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The Doors officially close August 30, 1973

Just two years after the death of Jim Morrison in Paris, on August 30, 1973, the surviving members of The Doors, Ray Manzarek, Robby Krieger and John Densmore officially break-up as The Doors.

'Other Voices' the first post Jim Morrison Doors album.
'Other Voices' the first post Jim Morrison Doors album.
Cover art

While most people view the death of Morrison as the end of The Doors, the truth is they continued on as a band, hadn‘t Morrison himself, when asked by Salli Stevenson what would happen to The Doors if he had to go to prison, and he replied “I would hope that since all three are excellent musicians, they would go on and create an instrumental sound of their own that didn‘t depend on lyrics.” In November 1971 they released “Other Voices”, the album, while it did feel like it was missing an ingredient, was influenced by the death of Morrison and included songs such as “Tightrope Ride” and “Hang On to Your Life”. July 17, 1972 saw the release of “Full Circle” but with esoteric song titles “Verdiliac,” “The Piano Bird,” and “The Peking King and the New York Queen,” weak lyrics, and most significantly, the albums didn’t sound like The Doors. Both albums failed to receive critical acclaim but did rack not insignificant sales, “Other Voices” hitting number 31 on the Billboard charts, and “Full Circle” reaching 68.

Manzarek, Krieger and Densmore perhaps realizing some of these shortcomings did try to find a lead singer that might add charisma and edginess back to The Doors. Auditioning lead singers such as Howard Werth, and at one point were considering Paul Rodgers of Bad Company but was unavailable.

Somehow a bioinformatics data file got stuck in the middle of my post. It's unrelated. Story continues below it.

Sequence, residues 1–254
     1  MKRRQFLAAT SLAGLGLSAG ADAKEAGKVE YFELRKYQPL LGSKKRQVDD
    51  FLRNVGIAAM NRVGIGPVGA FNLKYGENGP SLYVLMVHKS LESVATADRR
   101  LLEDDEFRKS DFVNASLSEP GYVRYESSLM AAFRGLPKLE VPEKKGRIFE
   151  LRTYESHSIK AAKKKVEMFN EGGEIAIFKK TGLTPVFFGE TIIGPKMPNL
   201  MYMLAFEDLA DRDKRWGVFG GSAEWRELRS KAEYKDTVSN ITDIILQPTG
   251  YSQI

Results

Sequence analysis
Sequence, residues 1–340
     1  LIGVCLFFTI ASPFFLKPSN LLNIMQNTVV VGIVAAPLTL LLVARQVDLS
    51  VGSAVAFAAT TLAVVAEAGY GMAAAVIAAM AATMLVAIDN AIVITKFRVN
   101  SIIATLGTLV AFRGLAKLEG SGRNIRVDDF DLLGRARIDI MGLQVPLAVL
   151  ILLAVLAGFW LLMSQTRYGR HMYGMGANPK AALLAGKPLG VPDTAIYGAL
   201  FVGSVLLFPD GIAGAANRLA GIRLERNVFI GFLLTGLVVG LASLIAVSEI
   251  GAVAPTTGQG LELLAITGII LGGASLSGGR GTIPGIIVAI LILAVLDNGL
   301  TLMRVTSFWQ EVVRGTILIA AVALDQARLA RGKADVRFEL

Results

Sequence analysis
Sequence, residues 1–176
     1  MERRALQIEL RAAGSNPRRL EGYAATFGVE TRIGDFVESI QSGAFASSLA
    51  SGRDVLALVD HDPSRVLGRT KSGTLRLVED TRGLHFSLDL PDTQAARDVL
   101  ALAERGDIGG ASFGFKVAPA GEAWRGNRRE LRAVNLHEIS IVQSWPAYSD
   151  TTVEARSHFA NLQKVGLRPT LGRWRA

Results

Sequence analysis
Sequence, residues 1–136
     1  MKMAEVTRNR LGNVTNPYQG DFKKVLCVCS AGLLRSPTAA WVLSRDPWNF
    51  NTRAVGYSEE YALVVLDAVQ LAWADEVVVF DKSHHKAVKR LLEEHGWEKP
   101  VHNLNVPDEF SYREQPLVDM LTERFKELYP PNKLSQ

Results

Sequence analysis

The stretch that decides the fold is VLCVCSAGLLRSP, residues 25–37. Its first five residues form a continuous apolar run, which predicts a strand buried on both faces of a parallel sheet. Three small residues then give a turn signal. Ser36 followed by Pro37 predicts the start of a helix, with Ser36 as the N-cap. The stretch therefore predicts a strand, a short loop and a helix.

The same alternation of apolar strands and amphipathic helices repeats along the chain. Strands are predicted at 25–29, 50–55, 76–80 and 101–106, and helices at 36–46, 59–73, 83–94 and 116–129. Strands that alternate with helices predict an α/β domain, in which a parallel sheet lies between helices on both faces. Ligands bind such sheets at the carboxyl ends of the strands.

After the death of Morrison, Elektra Records supported the band booking them at venues like Carnegie Hall, and on the British TV show, The Old Grey Whistle Test. Holzman asked them to play the annual Warners Communications convention, and before Holzman left Warner’s Communications he gave The Doors their publishing rights, a thank you to the band that took Elektra Records from a small company that produced mostly folk records to a national player in the rock scene.

After The Doors closed, Densmore and Krieger went on to form, the badly named The Butts Band which was one of the earliest bands that used reggae as an influence, but the band didn’t last long. Manzarek went on to a solo career releasing albums such as “The Whole Thing Started With Rock ‘n’ Roll and Now It’s Out of Control” and “The Golden Scarab,” “Carmina Burana” with Philip Glass. Manzarek also produced the band X, and played and recorded with poet Michael McClure, and blues guitarist Roy Rogers. In later years Manzarek and Krieger again teamed up in the Manzarek-Krieger Band and touring and playing Doors songs to receptive audiences worldwide.

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